Gender Equality in Senegal

  • Edit
  • Discuss
  • History
From wikigender.org
Jump to: navigation, search




Senegal
flag_Senegal.png
Flag of Senegal
Population (in Mil.) 13.73
Gross Domestic Product (In USD Billions - WB) 14.05
Sex Ratio (m/f) 0.94
Life Expectancy Ratio (f/m) 1.048387097
Fertility Rate 4.78
Estimated Earned Income (f/m) 0.57
Tertiary Enrolment Ratio (f/m) 7.9
Women in Parliament (in %) 42.7
INDICES
Human Development Index 154/187
Social Institutions and Gender Index 41/86
Gender Inequality Index 154/186
Gender Equity Index 121/168
Women’s Economic Opportunity Index 108/128
Global Gender Gap Index 67/68
More information on variables

In the News

Social Institutions

The Social Institutions and Gender Index (SIGI) measures gender-based discrimination in social norms, practices and laws across 160 countries. The SIGI comprises country profiles, a classification of countries and a database; it serves as a research, policy and advocacy tool for the development community and policy makers.

The SIGI covers five dimensions of discriminatory social institutions, spanning major socio-economic areas that affect women’s lives: discriminatory family code, restricted physical integrity, son bias, restricted resources and assets, and restricted civil liberties. The SIGI’s variables quantify discriminatory social institutions such as unequal inheritance rights, early marriage, violence against women, and unequal land and property rights.

In the 2014 edition of the SIGI, Senegal has medium levels of discrimination against women in social institutions. It has lower discrimination in son bias and higher discrimination in restricted physical integrity. Read the full country profile and access the data here: http://www.genderindex.org/country/senegal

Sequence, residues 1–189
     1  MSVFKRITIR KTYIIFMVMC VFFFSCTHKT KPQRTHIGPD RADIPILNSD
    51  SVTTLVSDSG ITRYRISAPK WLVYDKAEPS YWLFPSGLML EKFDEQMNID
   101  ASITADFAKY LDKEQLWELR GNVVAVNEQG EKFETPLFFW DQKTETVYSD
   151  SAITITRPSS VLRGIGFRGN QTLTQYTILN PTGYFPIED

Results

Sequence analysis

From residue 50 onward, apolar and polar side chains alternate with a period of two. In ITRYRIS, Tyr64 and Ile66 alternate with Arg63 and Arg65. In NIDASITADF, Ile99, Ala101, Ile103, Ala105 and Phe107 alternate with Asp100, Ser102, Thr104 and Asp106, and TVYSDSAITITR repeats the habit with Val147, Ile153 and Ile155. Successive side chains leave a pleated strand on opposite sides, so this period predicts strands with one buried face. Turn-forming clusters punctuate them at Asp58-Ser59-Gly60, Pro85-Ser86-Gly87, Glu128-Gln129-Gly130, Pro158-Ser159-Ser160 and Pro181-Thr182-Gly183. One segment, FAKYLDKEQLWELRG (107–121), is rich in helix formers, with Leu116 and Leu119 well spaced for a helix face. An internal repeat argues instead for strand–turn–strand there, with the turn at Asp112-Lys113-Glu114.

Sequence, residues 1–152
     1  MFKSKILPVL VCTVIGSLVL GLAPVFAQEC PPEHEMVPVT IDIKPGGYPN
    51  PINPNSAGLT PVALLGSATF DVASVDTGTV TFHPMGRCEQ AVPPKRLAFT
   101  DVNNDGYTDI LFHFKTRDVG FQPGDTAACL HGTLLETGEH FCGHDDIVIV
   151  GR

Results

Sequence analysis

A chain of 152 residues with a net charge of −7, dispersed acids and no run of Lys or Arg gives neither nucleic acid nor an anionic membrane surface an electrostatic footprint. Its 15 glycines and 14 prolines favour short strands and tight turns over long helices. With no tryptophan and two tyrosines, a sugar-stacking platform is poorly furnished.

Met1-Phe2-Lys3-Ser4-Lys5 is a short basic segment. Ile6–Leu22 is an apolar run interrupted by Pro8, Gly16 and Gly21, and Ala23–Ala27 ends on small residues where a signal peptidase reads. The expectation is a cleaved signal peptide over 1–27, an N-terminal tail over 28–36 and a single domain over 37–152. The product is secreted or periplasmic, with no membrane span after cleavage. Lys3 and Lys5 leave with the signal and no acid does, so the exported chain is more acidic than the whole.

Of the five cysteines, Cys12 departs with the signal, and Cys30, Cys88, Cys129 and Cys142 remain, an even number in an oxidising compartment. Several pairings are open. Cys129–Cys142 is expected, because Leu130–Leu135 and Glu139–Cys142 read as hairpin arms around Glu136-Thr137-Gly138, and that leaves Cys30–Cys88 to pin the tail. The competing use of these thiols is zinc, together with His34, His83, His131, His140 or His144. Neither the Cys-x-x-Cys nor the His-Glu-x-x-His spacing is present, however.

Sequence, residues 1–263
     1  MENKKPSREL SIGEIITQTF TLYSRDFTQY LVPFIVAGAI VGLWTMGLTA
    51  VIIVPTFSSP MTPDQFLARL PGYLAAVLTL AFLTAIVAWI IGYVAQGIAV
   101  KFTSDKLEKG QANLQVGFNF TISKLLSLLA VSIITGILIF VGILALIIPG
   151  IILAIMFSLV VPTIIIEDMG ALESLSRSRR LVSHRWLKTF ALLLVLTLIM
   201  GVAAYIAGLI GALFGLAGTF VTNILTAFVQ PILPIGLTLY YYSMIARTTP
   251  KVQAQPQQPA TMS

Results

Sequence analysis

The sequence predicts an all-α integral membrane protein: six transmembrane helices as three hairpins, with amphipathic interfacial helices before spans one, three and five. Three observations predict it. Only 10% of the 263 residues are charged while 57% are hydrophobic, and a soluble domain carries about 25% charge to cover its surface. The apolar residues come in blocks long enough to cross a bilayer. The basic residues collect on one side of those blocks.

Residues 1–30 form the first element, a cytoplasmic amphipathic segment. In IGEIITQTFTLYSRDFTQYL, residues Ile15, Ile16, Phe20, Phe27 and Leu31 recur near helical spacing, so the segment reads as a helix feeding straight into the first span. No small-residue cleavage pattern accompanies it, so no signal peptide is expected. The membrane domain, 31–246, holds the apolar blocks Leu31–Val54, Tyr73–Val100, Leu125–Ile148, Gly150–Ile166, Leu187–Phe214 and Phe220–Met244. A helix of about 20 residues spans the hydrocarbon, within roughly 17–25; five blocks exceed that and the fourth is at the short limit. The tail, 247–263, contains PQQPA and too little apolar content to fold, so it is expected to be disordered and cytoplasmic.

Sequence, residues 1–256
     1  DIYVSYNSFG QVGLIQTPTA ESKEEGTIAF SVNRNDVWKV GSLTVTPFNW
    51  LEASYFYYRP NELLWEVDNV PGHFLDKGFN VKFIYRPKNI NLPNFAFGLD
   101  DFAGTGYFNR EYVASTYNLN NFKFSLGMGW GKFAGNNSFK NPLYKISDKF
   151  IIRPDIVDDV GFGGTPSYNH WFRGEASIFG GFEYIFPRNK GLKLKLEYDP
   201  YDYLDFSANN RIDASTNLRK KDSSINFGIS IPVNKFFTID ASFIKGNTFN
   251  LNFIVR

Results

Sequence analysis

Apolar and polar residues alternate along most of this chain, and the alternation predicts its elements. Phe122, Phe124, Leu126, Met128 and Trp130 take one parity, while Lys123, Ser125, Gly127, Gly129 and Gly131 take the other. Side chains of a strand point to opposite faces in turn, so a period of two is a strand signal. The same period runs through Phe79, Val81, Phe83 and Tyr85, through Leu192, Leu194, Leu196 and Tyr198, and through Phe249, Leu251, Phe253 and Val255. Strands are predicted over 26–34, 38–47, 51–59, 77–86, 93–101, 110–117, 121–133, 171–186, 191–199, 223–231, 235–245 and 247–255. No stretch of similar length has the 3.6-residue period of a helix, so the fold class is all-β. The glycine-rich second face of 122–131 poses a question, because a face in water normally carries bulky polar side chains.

The Africa for Women's Rights Campaign

Africa4womensrights.png

Key facts

  • CEDAW: ratified in 1985
  • CEDAW Protocol: ratified in 2000
  • Maputo Protocol: ratified in 2005

The Campaign

On 8 March 2009 the "Africa for Women's Rights" Campaign was launched at the initiative of the International Federation for Human Rights (FIDH), in collaboration with fove non-governmental regional organisations: the African Center for Democracy and Human Rights Studies(ACDHRS), Femmes Africa Solidarité (FAS), Women’s Aid Collective (WACOL), Women in Law and Development in Africa (WILDAF) and Women and Law in Southern Africa (WLSA). These organisations make up the Steering Committee responsible for the coordination of the Campaign.

The Campaign aims to put an end to discrimination and violence against women in Africa, calling on states to ratify international and regional instruments protecting women's rights, to repeal all discriminatory laws, to adopt laws protecting the rights of women and to take all necessary measures to wensure their effective implementation.

Country Focus: Senegal

Although Senegal has ratified the main international and regional women’s rights protection instruments, many of their provisions continue to be violated in law and practice.

The Coalition of the Campaign remains particularly concerned by the following violations of women’s rights in Senegal: persistent discriminatory legislation, notably in family law, harmful traditional practices, such as early and forced marriage and female genital mutilation, widespread violence against women, limited access to education, employment, decision-making positions, health services and land.

Read more

Sources


The Women, Business and the Law

Where are laws equal for men and women? 

The Women, Business and the Law report presents indicators based on laws and regulations affecting women's prospects as entrepreneurs and employees. Several of these indicators draw on the Gender Law Library, a collection of over 2,000 legal provisions impacting women's economic status. This report does not seek to judge or rank countries, but to provide information to inform discussions about women’s economic rights. Women, Business and the Law provides data covering 6 areas: accessing institutions,using property, getting a job, providing incentives to work, building credit, and going to court. Read more about the methodology.